Richie Benaud – 1930-2015

Like Bill McLaren, Ted Lowe and Sid Waddell before him, another of the greats of television sports commentary has passed on. The news in the early hours this morning of Richie Benaud’s death, having had a decent knock (as he may have put it) at 84 years old, was treated with a great deal of both sadness and fond nostalgia across the cricketing world.

His death is poignant from my own perspective too. That calm, lilting, slightly deprecating tone has as much to do with my early memories of watching cricket on the TV as England collapses and Geoff Boycott shoving his car keys in the ground.

Benaud’s undoubted talent, a talent somewhat lacking in today’s sport commentary world, was to let the sport do the talking. As far as Richie was concerned, less was unquestionably more.

Richie Benaud, in his cricket-playing days

His 8 rules of sports commentary have been pinging about on social media today, but they ring true as ever today in a world of commentators who are by and large madly in love with the sound of their own voices:

  1. Never ask for a statement.
  2. Remember the value of the pause.
  3. There are no teams in the world called “we” or “they.”
  4. Avoid cliches and banality such as ‘he’s hit that to the boundary’, ‘he won’t want to get out now’, ‘of course’, ‘as you can see on the screen’. .
  5. The Titanic was a tragedy, the Ethiopian famine a disaster, and neither bears any relation to a dropped catch.
  6. Put your brain into gear before opening your mouth.
  7. Concentrate fiercely at all times.
  8. Above all, don’t take yourself too seriously, and have fun.

I also enjoy what he considered his commentating mantra, namely “My mantra is: put your brain in gear and if you can add to what’s on the screen then do it, otherwise shut up.”

These are all beautifully exemplified in a number of clips that are thankfully on YouTube. Firstly, this one from the 2nd test at Edgbaston in 2005, when England beat Australia by 2 runs, one of the most excruciatingly tense finishes in Test cricket history. Watch the video from 8:48 onwards for the decisive ball:

At the moment the wicket is taken and an extraordinary match comes to an end, Richie simply says “Jones! [the wicket keeper taking the catch] Bowden! [the umpire raising his finger] Kasprowicz the man to go.”

In anyone else’s hands, that moment would have been either shouting and bawling, or just non-stop chatter. Instead, Benaud lets the scene do the talking – the ecstatic English crowd and players juxtaposed with the utterly dejected Australian team while putting across the minimum information and calmly setting the scene. “If you can add to what’s on the screen then do it, otherwise shut up.” Indeed, Richie.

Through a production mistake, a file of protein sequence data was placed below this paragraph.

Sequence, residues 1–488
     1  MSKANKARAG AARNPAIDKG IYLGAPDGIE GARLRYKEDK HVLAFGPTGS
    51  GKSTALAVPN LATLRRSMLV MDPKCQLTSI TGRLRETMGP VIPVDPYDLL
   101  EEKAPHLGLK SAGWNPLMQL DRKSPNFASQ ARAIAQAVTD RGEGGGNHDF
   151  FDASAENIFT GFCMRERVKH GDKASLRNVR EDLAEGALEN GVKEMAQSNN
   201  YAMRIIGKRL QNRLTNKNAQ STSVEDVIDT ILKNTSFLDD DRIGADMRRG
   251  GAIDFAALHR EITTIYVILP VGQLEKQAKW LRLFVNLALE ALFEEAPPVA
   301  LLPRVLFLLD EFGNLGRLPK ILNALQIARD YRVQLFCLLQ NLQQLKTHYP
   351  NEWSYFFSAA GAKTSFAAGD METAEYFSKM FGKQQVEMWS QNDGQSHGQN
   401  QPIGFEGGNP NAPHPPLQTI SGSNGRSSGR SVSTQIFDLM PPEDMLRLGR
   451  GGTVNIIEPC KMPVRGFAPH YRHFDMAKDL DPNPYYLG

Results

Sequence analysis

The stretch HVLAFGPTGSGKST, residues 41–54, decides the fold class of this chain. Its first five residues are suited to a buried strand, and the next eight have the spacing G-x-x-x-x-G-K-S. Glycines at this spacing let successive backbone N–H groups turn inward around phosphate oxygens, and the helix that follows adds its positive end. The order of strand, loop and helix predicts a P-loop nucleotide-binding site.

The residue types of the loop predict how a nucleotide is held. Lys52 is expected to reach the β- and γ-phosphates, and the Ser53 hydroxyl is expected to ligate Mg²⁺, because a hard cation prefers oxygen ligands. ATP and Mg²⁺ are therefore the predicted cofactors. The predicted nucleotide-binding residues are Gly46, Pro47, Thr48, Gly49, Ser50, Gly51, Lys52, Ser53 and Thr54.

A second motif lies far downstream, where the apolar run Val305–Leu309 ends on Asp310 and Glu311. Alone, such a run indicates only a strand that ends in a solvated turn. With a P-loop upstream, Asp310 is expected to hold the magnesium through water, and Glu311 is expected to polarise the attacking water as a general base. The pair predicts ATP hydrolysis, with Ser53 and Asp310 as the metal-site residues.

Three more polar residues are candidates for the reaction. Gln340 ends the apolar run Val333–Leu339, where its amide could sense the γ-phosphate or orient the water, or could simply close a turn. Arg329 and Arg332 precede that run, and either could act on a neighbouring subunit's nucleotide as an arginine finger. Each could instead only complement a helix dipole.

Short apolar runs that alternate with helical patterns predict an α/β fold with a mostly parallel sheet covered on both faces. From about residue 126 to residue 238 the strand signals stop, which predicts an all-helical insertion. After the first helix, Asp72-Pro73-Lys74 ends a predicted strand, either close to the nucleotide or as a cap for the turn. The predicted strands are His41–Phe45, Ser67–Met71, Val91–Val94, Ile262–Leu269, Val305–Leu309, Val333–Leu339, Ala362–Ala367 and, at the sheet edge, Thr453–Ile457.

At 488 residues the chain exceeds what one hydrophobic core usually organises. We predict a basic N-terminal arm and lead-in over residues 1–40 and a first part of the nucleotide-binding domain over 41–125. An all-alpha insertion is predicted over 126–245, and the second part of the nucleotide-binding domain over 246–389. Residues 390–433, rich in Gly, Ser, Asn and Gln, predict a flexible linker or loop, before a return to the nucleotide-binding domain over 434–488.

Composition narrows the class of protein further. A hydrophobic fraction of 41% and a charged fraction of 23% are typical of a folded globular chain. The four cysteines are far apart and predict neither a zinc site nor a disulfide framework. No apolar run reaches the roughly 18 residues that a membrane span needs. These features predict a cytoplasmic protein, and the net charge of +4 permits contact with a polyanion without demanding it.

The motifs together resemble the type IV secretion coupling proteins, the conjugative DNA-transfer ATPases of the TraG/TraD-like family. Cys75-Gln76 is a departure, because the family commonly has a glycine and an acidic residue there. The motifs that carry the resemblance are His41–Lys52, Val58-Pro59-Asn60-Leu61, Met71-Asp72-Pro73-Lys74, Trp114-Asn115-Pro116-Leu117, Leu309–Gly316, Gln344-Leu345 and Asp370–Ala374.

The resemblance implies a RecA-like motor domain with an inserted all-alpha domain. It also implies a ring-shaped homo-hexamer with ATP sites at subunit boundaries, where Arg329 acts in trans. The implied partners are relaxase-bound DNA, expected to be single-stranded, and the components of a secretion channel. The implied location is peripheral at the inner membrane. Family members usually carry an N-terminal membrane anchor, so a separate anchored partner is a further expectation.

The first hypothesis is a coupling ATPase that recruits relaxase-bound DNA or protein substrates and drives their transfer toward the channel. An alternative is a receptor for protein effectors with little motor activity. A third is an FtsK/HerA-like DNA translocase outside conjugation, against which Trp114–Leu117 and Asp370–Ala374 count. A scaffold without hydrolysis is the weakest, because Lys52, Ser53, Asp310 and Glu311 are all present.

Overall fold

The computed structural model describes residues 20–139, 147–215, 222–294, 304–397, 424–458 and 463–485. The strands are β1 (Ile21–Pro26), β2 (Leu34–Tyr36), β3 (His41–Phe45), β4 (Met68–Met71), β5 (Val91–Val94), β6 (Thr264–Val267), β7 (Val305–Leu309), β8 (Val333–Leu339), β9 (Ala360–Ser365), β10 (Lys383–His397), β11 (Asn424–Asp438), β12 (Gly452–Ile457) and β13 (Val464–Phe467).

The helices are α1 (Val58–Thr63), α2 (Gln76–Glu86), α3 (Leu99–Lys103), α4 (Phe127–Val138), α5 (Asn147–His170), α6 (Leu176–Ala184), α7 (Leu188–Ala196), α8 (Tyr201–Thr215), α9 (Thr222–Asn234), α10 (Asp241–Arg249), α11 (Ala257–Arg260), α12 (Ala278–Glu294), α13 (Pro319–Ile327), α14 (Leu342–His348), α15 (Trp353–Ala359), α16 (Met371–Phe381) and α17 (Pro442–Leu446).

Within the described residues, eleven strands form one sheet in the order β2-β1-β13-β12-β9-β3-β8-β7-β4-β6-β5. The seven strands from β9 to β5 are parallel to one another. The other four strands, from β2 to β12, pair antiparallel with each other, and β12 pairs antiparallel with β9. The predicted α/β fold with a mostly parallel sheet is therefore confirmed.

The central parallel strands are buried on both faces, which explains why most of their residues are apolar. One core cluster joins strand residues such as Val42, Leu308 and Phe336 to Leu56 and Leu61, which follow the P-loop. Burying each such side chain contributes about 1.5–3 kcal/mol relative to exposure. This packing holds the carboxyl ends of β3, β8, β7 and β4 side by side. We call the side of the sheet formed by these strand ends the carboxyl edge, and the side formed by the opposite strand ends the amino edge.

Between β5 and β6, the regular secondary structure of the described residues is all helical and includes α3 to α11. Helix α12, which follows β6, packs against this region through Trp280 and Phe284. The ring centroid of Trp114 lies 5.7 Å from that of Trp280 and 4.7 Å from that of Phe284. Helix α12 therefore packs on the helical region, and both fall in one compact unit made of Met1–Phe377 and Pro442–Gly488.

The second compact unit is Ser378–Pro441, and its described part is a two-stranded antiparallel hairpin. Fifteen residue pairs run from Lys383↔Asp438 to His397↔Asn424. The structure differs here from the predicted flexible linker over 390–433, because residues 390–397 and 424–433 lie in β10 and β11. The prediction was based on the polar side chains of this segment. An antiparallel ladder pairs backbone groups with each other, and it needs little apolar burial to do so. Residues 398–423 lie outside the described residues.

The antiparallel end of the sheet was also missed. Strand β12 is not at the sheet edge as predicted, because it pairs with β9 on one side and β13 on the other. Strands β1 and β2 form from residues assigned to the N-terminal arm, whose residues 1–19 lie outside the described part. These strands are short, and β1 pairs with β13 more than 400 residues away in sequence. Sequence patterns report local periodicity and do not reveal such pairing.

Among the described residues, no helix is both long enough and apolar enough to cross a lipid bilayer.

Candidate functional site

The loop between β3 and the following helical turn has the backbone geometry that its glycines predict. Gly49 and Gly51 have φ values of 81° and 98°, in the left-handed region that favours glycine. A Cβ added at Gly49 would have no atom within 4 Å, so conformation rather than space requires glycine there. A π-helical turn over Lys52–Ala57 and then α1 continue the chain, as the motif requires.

The next little bit of footage is from day 5 of the fifth Ashes Test in 2005. This was Richie’s last live broadcast on British television. It’s announced as such by the chap over the tannoy at the Oval and leads to applause from all round the ground. He starts his little goodbye at 5:01 in the video below, as ever in an understated, laconic fashion. What I absolutely love about this is at 5:58, he shows his wonderfully understated quality as he segues straight from his goodbye to a wicket.

At the end of the clip, he just hands over commentary as if an era in British broadcasting hadn’t just come to an end. Not stealing the show, not harping on about previous amazing things he’d seen and done (Clive and 1999 comes to mind), he just says what needs to be said and bows out with grace.

The final clip here shows Benaud as a man who believed that cricket was only a game, that sportsmanship was at its heart. As a man who played 63 Test matches, scoring more than 2,000 runs and taking nearly 250 wickets into the bargain, he had more right than anyone to talk eloquently and in a forthright manner about the game he loved.

His forthrightness was exemplified after the appalling underarm ball from Australia’s Trevor Chappell in 1981. To briefly fill things in for those who are unaware, in February 1981 Australia played New Zealand in a One Day International in Melbourne. New Zealand needed a six off the last ball to tie the match. Australian captain Greg Chappell instructed his brother to bowl underarm so as to completely avoid a six being scored.

Richie was not best pleased, as the video below demonstrates. What I love about this clip is he throws his allegiances out of the window – it’s not OK because an advantage has been gained for his countrymen. As rule 3 above says, there is no such team as “we” – he has a right good go at the captain of his country’s cricket team. I take what he says as “this is my sport you’re messing with, kindly stop it.”

In all, a gentleman, sportsman and journalist of class and understated wit. He will be sorely missed.

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